Then-national security adviser John Bolton, left, listens to President Trump speak on April 18, 2018. PHOTO by: Pablo Martinez Monsivais, AP

A source close to John Bolton, the former White House national security adviser, said Bolton had a verbal altercation with the US president shortly before he was expelled from the White House.

Iran PressAmerica: The White House former national security adviser's abrupt departure on Tuesday came after US President Donald Trump suggested he might lift some sanctions on Iran as an incentive for Tehran to come to the negotiating table, an informed person close to Bolton said.

The person said Trump raised the idea of lifting sanctions during a discussion with Bolton in the Oval Office on Monday afternoon, but Bolton made clear to the president that he strongly disagreed with the idea, according to Euronews.

Bolton was out as national security adviser the following morning, though he and Trump disagree over who made that decision. The president has said he fired him, while Bolton has said he resigned.

Related news:

Trump fires US National Security Adviser John Bolton

As national security adviser, Bolton was a leading advocate of the Trump administration's so-called "maximum pressure campaign," designed to squeeze Iran's economy until Tehran was forced to concede to US demands to dismantle its nuclear program.

French President Emmanuel Macron has proposed providing Iran with $15 billion in non-US funds. Trump has suggested he might sign off on such a proposal, which would require the US to advise financial institutions that they would not face penalties if they facilitate such transactions.

But the person close to Bolton said the president went further during a 2 pm meeting on Monday in suggesting he would lift US sanctions. The possibility of Iran sanctions relief was in part what prompted Bolton to submit a resignation letter to the president the following morning, this person said.

Trump indicated on Wednesday that he might be open to sanctions relief.

"We'll see what happens," he told reporters when asked about possibly easing sanctions on Iran.

Trump withdrew the US from the 2015 Iran nuclear deal last year.

Tehran's reciprocal steps in JCPOA

Iran began the countermeasures in May on the anniversary of the United States withdrawal from the historic nuclear agreement with major world powers.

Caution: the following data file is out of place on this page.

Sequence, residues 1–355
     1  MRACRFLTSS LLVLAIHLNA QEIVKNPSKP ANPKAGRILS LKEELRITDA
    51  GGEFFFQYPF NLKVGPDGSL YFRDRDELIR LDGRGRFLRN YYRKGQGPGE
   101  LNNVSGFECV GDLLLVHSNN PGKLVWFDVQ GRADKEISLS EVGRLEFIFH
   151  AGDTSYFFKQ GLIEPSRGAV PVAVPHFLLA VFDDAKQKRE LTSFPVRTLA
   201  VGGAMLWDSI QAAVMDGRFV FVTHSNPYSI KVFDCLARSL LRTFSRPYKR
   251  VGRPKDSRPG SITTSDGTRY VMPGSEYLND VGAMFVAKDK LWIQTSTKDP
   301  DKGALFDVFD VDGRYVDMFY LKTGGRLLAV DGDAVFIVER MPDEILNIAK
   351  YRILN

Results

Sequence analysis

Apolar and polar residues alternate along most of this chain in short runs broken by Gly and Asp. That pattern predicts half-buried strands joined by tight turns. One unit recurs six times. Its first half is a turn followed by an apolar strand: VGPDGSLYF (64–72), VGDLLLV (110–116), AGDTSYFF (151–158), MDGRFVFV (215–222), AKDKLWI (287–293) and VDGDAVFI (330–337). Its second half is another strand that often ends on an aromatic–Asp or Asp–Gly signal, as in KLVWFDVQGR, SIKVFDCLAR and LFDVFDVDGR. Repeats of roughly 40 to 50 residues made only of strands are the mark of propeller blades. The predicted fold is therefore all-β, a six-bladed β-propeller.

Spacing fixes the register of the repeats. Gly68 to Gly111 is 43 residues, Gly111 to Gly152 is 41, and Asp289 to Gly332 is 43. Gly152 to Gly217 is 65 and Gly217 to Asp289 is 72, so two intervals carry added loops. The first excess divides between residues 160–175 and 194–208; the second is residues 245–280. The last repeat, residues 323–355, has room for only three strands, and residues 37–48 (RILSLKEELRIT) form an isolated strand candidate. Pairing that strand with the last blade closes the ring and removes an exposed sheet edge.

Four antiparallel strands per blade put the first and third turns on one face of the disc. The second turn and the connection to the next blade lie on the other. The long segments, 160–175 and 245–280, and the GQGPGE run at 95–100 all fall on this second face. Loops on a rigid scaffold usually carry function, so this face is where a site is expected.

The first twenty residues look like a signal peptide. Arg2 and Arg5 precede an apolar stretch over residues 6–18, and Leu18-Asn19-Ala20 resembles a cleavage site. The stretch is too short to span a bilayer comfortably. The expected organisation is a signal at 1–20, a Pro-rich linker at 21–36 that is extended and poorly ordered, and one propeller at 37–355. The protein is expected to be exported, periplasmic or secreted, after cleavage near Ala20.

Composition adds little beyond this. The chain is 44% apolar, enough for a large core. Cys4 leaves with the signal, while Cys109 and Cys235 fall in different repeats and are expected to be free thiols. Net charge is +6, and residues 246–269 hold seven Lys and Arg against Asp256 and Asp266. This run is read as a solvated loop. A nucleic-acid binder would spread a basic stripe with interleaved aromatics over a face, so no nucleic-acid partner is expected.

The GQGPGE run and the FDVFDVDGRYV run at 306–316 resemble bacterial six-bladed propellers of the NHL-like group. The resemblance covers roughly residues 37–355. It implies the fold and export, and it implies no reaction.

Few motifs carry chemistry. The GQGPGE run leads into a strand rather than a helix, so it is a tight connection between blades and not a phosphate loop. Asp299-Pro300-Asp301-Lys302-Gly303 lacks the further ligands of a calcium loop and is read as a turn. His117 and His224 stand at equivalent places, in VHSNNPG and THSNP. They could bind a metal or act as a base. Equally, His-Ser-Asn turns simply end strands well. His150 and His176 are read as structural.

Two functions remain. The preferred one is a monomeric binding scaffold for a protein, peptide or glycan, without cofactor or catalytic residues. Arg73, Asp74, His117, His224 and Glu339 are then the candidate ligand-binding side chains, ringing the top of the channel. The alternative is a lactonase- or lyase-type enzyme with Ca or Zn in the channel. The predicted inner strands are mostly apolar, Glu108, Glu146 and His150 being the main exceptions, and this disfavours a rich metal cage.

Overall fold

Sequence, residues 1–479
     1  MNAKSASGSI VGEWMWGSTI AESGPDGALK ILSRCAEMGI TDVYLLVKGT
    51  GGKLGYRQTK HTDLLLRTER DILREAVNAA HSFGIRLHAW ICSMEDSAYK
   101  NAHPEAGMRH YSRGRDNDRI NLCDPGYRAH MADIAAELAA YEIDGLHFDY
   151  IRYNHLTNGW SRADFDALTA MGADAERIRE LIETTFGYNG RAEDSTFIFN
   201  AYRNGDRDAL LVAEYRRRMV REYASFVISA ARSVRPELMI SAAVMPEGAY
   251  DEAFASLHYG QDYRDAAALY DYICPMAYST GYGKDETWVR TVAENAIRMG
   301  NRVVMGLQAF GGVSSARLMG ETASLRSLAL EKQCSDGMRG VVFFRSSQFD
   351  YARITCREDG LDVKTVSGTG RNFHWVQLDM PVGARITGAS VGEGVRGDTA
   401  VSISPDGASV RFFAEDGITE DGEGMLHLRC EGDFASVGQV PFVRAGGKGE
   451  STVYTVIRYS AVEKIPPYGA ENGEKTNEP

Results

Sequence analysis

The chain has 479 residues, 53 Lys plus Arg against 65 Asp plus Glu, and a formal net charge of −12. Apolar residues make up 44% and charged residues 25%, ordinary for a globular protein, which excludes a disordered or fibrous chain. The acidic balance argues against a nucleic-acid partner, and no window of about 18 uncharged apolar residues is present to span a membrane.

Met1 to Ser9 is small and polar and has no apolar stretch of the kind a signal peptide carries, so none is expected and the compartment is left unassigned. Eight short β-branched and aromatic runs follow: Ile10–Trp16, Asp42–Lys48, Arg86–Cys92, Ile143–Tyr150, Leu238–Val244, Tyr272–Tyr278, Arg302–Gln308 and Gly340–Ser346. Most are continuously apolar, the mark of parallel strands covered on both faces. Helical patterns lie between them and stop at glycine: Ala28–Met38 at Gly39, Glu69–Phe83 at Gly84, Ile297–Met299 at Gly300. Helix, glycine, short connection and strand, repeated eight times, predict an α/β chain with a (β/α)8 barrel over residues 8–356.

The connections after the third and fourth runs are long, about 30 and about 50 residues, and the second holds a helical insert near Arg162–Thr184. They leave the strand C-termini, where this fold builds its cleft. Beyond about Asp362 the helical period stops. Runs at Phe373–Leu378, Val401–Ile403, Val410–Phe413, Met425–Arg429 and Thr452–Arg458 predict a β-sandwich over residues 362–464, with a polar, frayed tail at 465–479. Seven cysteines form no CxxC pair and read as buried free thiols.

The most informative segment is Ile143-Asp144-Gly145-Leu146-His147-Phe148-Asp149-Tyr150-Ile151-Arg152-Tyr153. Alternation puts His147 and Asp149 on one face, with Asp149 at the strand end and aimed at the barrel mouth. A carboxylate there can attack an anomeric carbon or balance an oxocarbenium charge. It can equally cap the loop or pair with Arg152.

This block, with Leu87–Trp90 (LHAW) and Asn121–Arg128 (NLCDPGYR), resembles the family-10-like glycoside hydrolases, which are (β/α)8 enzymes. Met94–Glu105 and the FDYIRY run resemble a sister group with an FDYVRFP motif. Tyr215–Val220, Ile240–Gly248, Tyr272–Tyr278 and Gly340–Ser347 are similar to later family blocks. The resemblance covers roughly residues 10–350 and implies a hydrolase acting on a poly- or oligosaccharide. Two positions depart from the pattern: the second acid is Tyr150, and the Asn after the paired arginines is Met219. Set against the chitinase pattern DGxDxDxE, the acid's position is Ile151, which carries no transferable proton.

On May 8, 2018, US President Donald Trump pulled his country out of the nuclear accord and threatened US sanctions against any international companies that continued to do business with Iran.

As a first step, Iran increased its enriched uranium stockpile to a level above the 300 kilograms set by the JCPOA.

In the second phase, Iran’s Arak heavy-water nuclear reactor — which was agreed to be redesigned under the agreement — resumed its previous activities.

Iran also increased the level of its uranium enrichment, and will no longer stick to the 3.67% limit it had agreed upon in JCPOA.

Reversible steps, ball in Europe court

Foreign Minister Mohammad Javad Zarif said the third phase of Iran’s nuclear countermeasures has been so devised to be reversible, as is the case with its previous nuclear responses if Europe meets its nuclear commitments towards Tehran.

“Should they act on their obligations, this step, like the two previous steps, which have already been taken, could be reversed,” Zarif said on Thursday at the airport in the Indonesian capital of Jakarta, where he arrived as part of an Asian tour.

The new measures from Iran would be peaceful, watched over by the United Nations and could be reversed if European powers kept their promises, President Rouhani said. He gave the parties to the deal another two months to fully implement its terms, saying if that happened Iran would return to implementing the agreement. 

Iran has said it won't negotiate with the US until sanctions are lifted.


Read more:

Bolton was 'holding me back!': Trump

Report: Bolton's long-anticipated departure

Thirst for war should go with Bolton: Zarif